Gene Pathway Linked to Schizophrenia
Investigators with the University of Texas Health Science Center at Houston used human-induced pluripotent stem cells from a single family’s blood samples, and discovered a gene signaling pathway associated with a higher risk of schizophrenia. The pathway is phosphor-inositide 3-kinase/glycogen synthase kinase 3 (PI3K/GSK3). One of the differentially expressed genes along the pathway is serum-glucocorticoid kinase 1 (SGK1), an inhibitor of GSK3 beta, which has been linked with schizophrenia. This may have implications for treatment of schizophrenia, because there are new antipsychotic drugs recently approved that directly target the pathway.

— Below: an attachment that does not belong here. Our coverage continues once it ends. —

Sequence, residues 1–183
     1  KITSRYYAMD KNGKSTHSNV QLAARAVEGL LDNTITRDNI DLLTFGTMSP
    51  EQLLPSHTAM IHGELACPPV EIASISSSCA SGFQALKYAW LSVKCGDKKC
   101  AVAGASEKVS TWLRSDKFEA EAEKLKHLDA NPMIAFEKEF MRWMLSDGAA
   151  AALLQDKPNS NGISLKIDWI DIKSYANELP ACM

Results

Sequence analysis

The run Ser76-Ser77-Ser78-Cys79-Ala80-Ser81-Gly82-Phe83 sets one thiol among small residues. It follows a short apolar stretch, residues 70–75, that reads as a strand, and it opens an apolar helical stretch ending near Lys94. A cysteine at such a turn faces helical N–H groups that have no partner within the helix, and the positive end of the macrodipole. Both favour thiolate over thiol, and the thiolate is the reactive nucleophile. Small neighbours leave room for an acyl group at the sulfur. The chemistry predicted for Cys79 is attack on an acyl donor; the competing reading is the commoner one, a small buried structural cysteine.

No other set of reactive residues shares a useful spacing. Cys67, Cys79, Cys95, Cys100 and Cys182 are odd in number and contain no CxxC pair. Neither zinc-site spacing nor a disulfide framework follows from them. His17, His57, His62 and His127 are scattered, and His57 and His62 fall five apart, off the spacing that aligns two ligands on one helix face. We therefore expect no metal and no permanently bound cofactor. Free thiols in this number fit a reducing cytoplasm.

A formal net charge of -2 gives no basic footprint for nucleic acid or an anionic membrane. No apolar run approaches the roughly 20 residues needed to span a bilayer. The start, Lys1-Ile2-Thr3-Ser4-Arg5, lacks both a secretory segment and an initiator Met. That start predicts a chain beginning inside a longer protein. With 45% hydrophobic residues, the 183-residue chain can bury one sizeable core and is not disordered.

A Better Understanding of the Coronavirus Spike Protein
A spike “S” protein on the surface of the SARS-CoV-2 virus that causes COVID-19 helps the virus enter human cells. It is also the primary focus of the vaccines developed by Pfizer-BioNTech and Moderna and other companies. Researchers at the Department of Energy’s SLAC National Accelerator Laboratory and Stanford University conducted detailed analysis of spike proteins in a less-lethal coronavirus. They created the first detailed images of the spikes in their natural state, while they’re still attached to the virus, and did not require chemical fixatives that could distort the shape of the spike protein. It was published in the journal QRB Discovery.
Stroke and Altered Mental State in COVID-19 Associated with Increased Risk of Death